Kerry Kirke headshot

Tribute to Kerry Kirke, a public health giant

Tribute to Kerry Kirke, a public health giant

Professor Nicola Spurrier, South Australia Chief Public Health Officer

(David) Kerry Kirke 14.11.1939 – 9.5.2021

Kerry was the sort of person everyone wanted to work with. He was visionary and planned for the future, he had a strong sense of social justice and most importantly he really cared for people and humanity. Kerry understood that the whole population was his patient, and that by intervening early at a whole of population level he could prevent large numbers of people becoming sick, injured or dying. Kerry trained and practiced in both paediatrics and public health medicine and through both areas of expertise made an enormous impact on the health and wellbeing of countless Australians.

Kerry undertook has medical training at the University of Adelaide completing this in 1964. After this he moved to Central Australia where he worked as a paediatrician, including as a flying doctor. He completed a doctoral thesis during this time which examined the causes of poor health in Aboriginal children, a very forward-looking and important research contribution particularly given that it was 1971. He was the Regional Director in Alice Springs in the early 80s, going on to become the Director of Public Health in Darwin thereafter. Kerry built on his experiences in Australia after being awarded a WHO travelling fellowship in 1976 to study epidemiology and medical statistics at The London School of Hygiene and Tropical Medicine, childhood nutrition in India, training and the role of Indigenous health workers in Alaska, and middle ear disease in Navajo and Hopi children in New Mexico.

Fortunately for us, Kerry returned to South Australia in 1988 to the position of Executive Director of Public and Environmental Health with the South Australian Health Commission. During this time, Kerry built the foundations of modern public health in this state, which we still benefit from today. He established a very strong team and introduced significant innovations including the first community surveys and disease registries, taking advantage of South Australia’s new Public and Environmental Health Act 1987.

Kerry moved to the Cancer Council SA as the Executive Director 1998-2003, making significant enhancements to cancer prevention and control in this state. One of Kerry’s most notable contributions was bringing a culture of public health and evidence-driven practice to the Cancer Council. He promoted the concept of cancer control and the goal of ‘reducing the impact of cancer’ across the whole spectrum, from primary prevention to palliative care. Kerry also advanced this agenda nationally and internationally with other cancer leaders including at meeting of world leaders of cancer organisations in Atlanta, USA in 1999.

As a registrar commencing training in Public Health Medicine in the mid 90’s I was armed with the knowledge of a Master of Public Health; biostatistics, epidemiology, evaluation methodology, critical appraisal and the like. But Kerry took our training to the next level – the practicalities of putting theory into action to improve population health. Kerry was very generous with his time and through real-life examples educated and guided many trainees through the nuances of the Australian health care system, how to investigate an outbreak, how to deal with the media, responding to a population level disaster and how to navigate a complex government bureaucracy. Of critical importance for many of us now dealing with the COVID-19 pandemic. Kerry made a strong and enduring contribution to the Australasian Faculty of Public Health Medicine, being a foundation member, a College Councillor, on the AFHPM Education Committee, the Chair of the AFPHM Regional Committee and an examiner for many years. He was also the external examiner for NZ.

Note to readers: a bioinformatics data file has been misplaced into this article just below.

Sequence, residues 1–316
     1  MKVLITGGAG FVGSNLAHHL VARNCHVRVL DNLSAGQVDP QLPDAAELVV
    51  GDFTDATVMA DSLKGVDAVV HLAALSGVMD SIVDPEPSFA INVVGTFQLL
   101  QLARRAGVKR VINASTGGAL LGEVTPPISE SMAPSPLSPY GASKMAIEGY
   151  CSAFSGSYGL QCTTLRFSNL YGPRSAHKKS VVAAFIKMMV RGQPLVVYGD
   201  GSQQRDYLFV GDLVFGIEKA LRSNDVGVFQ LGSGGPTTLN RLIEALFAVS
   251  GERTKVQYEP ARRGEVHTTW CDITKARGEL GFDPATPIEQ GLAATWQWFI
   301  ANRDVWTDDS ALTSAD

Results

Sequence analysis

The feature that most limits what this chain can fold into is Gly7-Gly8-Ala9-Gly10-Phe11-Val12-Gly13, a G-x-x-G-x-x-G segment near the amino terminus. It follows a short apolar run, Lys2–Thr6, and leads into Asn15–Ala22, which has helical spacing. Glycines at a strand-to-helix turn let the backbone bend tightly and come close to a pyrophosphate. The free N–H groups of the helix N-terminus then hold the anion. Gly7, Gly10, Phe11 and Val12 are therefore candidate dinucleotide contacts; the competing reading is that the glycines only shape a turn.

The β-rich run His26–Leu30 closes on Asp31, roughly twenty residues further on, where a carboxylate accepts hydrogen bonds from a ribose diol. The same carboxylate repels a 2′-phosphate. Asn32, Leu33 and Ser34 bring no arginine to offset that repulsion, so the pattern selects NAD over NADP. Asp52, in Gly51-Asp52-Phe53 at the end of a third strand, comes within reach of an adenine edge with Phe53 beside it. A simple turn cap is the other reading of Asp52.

Prof Spurrier with Dr Kerry Kirke and Dr Wayne Clapton at their AFPHM graduation.


Not unexpectedly, Kerry received a number of significant awards during his career.

  • A Membership of the Order of Australia (AM) was conferred in 1984 for ‘services to paediatric nutrition’.
  • The inaugural Public Health Association of Australia award for leadership in public health in 1997.
  • In 2004 he was awarded the Royal Australasian College of Physicians medal for ‘services to the College’.

I was very lucky to continue working with Kerry for several more years as he moved into his retirement. Through a partnership with Martin Bray, a retired academic who was keen to develop a resource for the public on screening for disease, Kerry and I contributed significant sections to this publication. Whilst admittedly not a best-seller, I am sure it assisted many individuals to consider participating in public screening for cancer and chronic disease.

Kerry enjoyed a full and rewarding life that included more than work. He was a keen and accomplished sailor. During his retirement this culminated in building a wooden sailing boat in its entirety – an amazing accomplishment requiring attention to the old adage, ‘measure twice and cut once’. Kerry was also a proficient bushman, having developed skills such as crossing a flooded creek in a four-wheel drive during his time in the Territory. His family recount his expertise at swinging a pot of billy tea. Kerry was surrounded by his loving family during his final days. He is survived by his wife Barb, his two daughters, four grandchildren and one great grandchild.

Professor Nicola Spurrier
Chief Public Health Officer
Health Regulation and Protection
SA Health

The Public Health Association of Australia (PHAA) sends its condolences to Kerry’s family, friends and colleagues. The PHAA South Australia Branch will continue to commemorate Dr Kirke and his enormous contribution to public health through the annual Kerry Kirke Student Award. 


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